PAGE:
When Cinco de Mayo nears, Aldi rolls out all the stops and stocks its shelves, refrigerators, and freezers with all kinds of Mexican-inspired foods. You’re likely to find tamales, empanadas, corn masa bites, seasoned tortilla chips, specialty ravioli, Mexican street corn chips, churros, and more.
Cinco de Mayo celebrates the Mexican army’s victory over the French Empire at the Battle of Puebla on May 5th, 1862. The battle lifted Mexicans’ spirits, but a year later the Mexican army suffered a defeat that eventually led to Mexico City’s fall to French invaders. Cinco de Mayo is not Mexican Independence Day, which is observed on September 16th.
In the United States, Cinco de Mayo is a time to celebrate Mexican culture, and it’s an especially popular holiday in communities with Mexican-American populations. People might celebrate with parades, music, or traditional Mexican foods.
Fajitas are among the special products Aldi sells for Cinco de Mayo. Featuring soft tortillas filled with strips of grilled, seasoned meat and veggies, fajitas are technically more of a Tex-Mex food — with origins in South and West Texas — rather than a Mexican dish, but a lot of Tex-Mex products find their way to Aldi shelves in the week or so leading up to Cinco de Mayo. Fajitas are some of my family’s favorite things to order at Mexican restaurants, so I picked up a couple of packages at Aldi to try.
The Bremer Chicken Fajitas Skillet and Bremer Steak Fajitas Skillet each cost $5.49 for a 24-ounce package at the time of publication.
These are Aldi Finds, so they’re only in stores for a short time. Aldi does not offer online ordering for its specials if they aren’t in stock at your local store. (Aldi does sell another chicken fajitas kit — minus tortillas — as an everyday, year round Regular Buy in its refrigerated aisle.)
The Chicken Fajitas Skillet package says this features “tender white meat chicken, onions and bell peppers with flour tortilla and a spicy fajita seasoning packet.”
The Steak Fajitas Skillet package features “tender beef, onions and bell peppers with flour tortillas and a spicy fajita seasoning packet.”
Each package serves about three, and a single serving is two tortillas and one cup of filling (or half a cup of filling per tortilla).
The packages have directions for cooking the fajitas on a skillet on the stovetop (recommended) or in the microwave.
To heat on the stovetop, heat one tablespoon of oil in a skillet on medium-high heat for one minute. Saute the chicken or beef, vegetables, and seasoning over medium-high heat for 10-12 minutes, stirring occasionally for even cooking. Remove the tortillas from their plastic bag and place them on a microwave-safe dish. Microwave the tortillas for approximately 1 minute and 30 seconds or until heated thoroughly.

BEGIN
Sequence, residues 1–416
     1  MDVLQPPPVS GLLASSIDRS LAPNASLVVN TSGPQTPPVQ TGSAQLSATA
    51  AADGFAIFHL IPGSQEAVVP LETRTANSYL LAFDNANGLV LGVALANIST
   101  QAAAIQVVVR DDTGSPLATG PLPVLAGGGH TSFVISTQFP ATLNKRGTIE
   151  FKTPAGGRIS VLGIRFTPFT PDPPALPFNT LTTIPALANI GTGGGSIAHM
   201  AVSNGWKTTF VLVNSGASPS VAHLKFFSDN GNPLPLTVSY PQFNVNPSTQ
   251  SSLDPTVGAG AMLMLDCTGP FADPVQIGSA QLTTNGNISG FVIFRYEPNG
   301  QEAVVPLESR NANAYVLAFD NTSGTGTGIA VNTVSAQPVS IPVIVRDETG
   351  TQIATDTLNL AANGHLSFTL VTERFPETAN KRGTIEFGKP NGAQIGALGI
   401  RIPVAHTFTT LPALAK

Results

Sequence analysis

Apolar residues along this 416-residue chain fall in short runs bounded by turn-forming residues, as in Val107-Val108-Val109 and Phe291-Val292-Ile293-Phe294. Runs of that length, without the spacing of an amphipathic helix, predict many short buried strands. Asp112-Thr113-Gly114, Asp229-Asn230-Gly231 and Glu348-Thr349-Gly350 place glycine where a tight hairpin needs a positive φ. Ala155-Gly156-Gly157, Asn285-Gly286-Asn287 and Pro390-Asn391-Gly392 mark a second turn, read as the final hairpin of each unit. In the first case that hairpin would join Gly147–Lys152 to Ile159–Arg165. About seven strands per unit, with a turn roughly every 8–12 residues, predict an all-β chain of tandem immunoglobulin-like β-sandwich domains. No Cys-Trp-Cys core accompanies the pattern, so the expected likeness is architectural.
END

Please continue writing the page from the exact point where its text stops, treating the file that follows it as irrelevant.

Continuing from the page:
To microwave, place the frozen chicken or beef, vegetables, and seasoning in a microwave-safe dish. Cover and cook on high for 5 minutes. Stir and heat for an additional 4 minutes and 30 seconds. Remove the tortillas from their plastic bag and place on a microwave-safe dish. Microwave the tortillas for approximately 1 minute and 30 seconds or until heated thoroughly. Let stand 1-2 minutes before serving.
I opted to heat these fajitas on the stovetop. They come together quickly and easily. The meats and veggies are all packaged loose in the bag, and each bag contains a separate packet with six flour tortillas and another packet with a seasoning mix. These fajitas both have a medium level of spiciness, so if you want milder fajitas, you might consider using less of the seasoning packet. (Or some of my family members cut the spice by adding a spoonful of sour cream to their fajitas.)
My family thought these were good. We felt like we had to be careful not to overfill our tortillas in order to have enough filling for all six tortillas in each package, but there was enough filling to go around. Both the chicken and steak were tender. Because everything was frozen, the veggies are softer than what you’d get in fajitas you might make yourself or order in a restaurant using fresh vegetables. That didn’t bother us, though.
Fajitas aren’t hard to make yourself, but these are a good alternative if you want something quick and easy.
Keep reading for more information about each fajita variety.
Bremer Chicken Fajitas Skillet
One serving (two tortillas and one cup of filling, or 172 grams) has 270 calories, 7 grams of total fat (9% DV), 1.5 grams of saturated fat (7% DV), 750 mg of sodium (33% DV), 39 grams of total carbohydrates (14% DV), and no added sugar.
If you’re looking out for allergens, this contains soy and wheat.
Bremer Steak Fajitas Skillet
One serving (two tortillas and one cup of filling, or 172 grams) has 270 calories, 9 grams of total fat (12% DV), 2.5 grams of saturated fat (13% DV), 710 mg of sodium (31% DV), 40 grams of carbohydrates (15% DV), and no added sugars.
If you’re watching out for allergens, these contain milk, oyster (shellfish), soy, and wheat.
The Bremer Chicken Fajitas Skillet and Bremer Steak Fajitas Skillet feature tender meat, peppers, onions, and seasonings. They come with tortillas, so you have everything you need for a complete fajitas dinner. The seasoning packet is a little spicy, so if you want mild fajitas, try using less of the seasoning. If you’re in the mood for fajitas, they don’t get any easier than these kits.
I bought a bag of the chicken fajita yesterday and cooked enough for two people. They were good, but however, the veggies were a little soft like you’d mentioned in your post, I guess I’ll shorten the cooking time for the veggies.
I brought the other fajita to work, heated it up and it was delish for breakfast. It tasted better the next day. I am going back to Aldi’s to buy two more bags.